I love castles. I suppose I enjoy the feeling of protection they give. They’re often situated on a hill (to give good views of attacking armies!) and have an air of impregnability and impenetrability which make them seem secure and safe. Castles were often draughty, uncomfortable places, but in my mind, they are forever associated with lavish luxury and royal privilege.
Conisbrough Castle is our nearest castle:

This is Dustanburgh Castle:

One of my favourite verses in Proverbs is found in Proverbs 18: “the name of the Lord is a strong tower; the righteous run to it and are safe.” (Prov 18:10). We sing a children’s song about this verse. Whenever I sing this song or read this verse, I think about the castles and towers of mediaeval history and I can appreciate the idea that a tower is a safe place.
Broadway Castle Tower:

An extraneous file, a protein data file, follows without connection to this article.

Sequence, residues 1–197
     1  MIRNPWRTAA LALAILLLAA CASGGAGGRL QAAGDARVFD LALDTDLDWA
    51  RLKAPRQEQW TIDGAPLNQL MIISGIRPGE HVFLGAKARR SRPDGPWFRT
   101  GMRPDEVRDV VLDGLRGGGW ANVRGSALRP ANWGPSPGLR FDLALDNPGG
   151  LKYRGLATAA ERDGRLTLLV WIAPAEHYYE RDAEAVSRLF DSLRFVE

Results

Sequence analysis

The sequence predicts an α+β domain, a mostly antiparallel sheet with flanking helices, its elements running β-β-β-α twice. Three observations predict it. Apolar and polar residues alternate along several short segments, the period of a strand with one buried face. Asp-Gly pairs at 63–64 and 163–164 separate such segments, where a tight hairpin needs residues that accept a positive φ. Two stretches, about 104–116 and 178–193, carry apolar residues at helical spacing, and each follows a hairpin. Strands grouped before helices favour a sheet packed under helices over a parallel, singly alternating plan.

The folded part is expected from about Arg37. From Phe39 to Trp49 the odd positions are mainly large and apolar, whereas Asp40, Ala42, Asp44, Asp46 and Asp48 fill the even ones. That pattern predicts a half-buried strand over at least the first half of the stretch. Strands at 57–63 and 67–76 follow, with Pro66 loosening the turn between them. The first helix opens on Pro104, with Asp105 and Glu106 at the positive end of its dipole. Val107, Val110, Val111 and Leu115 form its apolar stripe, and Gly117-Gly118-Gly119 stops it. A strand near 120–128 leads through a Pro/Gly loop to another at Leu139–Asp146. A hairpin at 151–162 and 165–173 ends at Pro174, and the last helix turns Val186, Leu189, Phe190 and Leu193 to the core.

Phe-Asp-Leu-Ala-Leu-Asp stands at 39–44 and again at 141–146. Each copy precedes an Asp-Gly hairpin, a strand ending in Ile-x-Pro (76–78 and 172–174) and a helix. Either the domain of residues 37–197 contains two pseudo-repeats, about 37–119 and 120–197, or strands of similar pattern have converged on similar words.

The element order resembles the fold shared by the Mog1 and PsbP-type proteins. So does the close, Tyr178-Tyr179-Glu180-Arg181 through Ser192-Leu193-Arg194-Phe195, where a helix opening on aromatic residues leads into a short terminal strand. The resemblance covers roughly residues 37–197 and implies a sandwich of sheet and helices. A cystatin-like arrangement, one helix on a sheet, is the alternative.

Proverbs 18 deals with lots of other things, though. It has a lot of down-to-earth advice about learning (“wise men and women are always learning, always listening for fresh insight” Prov 18:15) and speech (fools talk too much and their speech often starts fights Prov 18:6-7). It keeps reminding us of the need for humility (eg “humility comes before honour” Prov 18:13) and talks again about the need for positive speech ( “words kill, words give life; they’re either poison or fruit – you choose” Prov 18:21). One of the most striking verses in this chapter is verse 9: “One who is slack in his work is brother to one who destroys” . So often when I read Proverbs, a verse seems to take me by surprise: this is one such example. The Message version translate this “slack habits and sloppy work are as bad as vandalism.” The first time I read that, I was completely taken-aback. I was working in a community centre at the time that was constantly struggling against vandalism, yet to have ‘slack habits and sloppy work’ put in the same category as broken glass and graffiti made me stop and pause. Are we intent on pursuing excellence in everything we do? Or do we all too easily settle for the ‘easy option’, not really caring? I am reminded of Michelangelo, who worked on the Sistine Chapel ceiling, taking as much care on the parts which would largely remain unseen as on the parts which would draw awe from those who looked at it, because he was aware that God saw everything and deserved the best. He too knew the value of hard work ( “if people knew how hard I worked to get my mastery, it wouldn’t seem so wonderful at all” ) and of aiming high ( “the greater danger for most of us lies not in setting our aim too high and falling short; but in setting our aim too low, and achieving our mark.” ) May we too give God our very best in pursuit of excellence, giving Him all the glory for everything we may achieve.